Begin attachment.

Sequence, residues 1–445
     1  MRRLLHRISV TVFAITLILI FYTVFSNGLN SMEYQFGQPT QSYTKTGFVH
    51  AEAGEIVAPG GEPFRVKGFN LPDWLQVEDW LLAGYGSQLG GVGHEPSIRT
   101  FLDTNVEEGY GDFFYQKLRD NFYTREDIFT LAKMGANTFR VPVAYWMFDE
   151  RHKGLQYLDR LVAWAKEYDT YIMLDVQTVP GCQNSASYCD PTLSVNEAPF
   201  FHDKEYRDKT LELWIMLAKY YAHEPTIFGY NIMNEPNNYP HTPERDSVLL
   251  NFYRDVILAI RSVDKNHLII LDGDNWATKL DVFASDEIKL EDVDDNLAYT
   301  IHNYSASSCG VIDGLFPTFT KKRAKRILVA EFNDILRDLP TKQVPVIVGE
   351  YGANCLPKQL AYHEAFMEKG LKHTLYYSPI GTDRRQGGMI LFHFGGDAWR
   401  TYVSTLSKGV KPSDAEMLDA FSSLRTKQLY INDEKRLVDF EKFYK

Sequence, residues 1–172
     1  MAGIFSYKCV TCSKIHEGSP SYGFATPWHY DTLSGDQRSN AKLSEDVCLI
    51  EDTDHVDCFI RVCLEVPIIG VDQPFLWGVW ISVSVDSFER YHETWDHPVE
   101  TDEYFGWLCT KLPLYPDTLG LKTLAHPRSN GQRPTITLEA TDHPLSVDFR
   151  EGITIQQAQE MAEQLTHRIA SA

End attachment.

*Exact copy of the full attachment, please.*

Sequence, residues 1–445
     1  MRRLLHRISV TVFAITLILI FYTVFSNGLN SMEYQFGQPT QSYTKTGFVH
    51  AEAGEIVAPG GEPFRVKGFN LPDWLQVEDW LLAGYGSQLG GVGHEPSIRT
   101  FLDTNVEEGY GDFFYQKLRD NFYTREDIFT LAKMGANTFR VPVAYWMFDE
   151  RHKGLQYLDR LVAWAKEYDT YIMLDVQTVP GCQNSASYCD PTLSVNEAPF
   201  FHDKEYRDKT LELWIMLAKY YAHEPTIFGY NIMNEPNNYP HTPERDSVLL
   251  NFYRDVILAI RSVDKNHLII LDGDNWATKL DVFASDEIKL EDVDDNLAYT
   301  IHNYSASSCG VIDGLFPTFT KKRAKRILVA EFNDILRDLP TKQVPVIVGE
   351  YGANCLPKQL AYHEAFMEKG LKHTLYYSPI GTDRRQGGMI LFHFGGDAWR
   401  TYVSTLSKGV KPSDAEMLDA FSSLRTKQLY INDEKRLVDF EKFYK

Sequence, residues 1–172
     1  MAGIFSYKCV TCSKIHEGSP SYGFATPWHY DTLSGDQRSN AKLSEDVCLI
    51  EDTDHVDCFI RVCLEVPIIG VDQPFLWGVW ISVSVDSFER YHETWDHPVE
   101  TDEYFGWLCT KLPLYPDTLG LKTLAHPRSN GQRPTITLEA TDHPLSVDFR
   151  EGITIQQAQE MAEQLTHRIA SA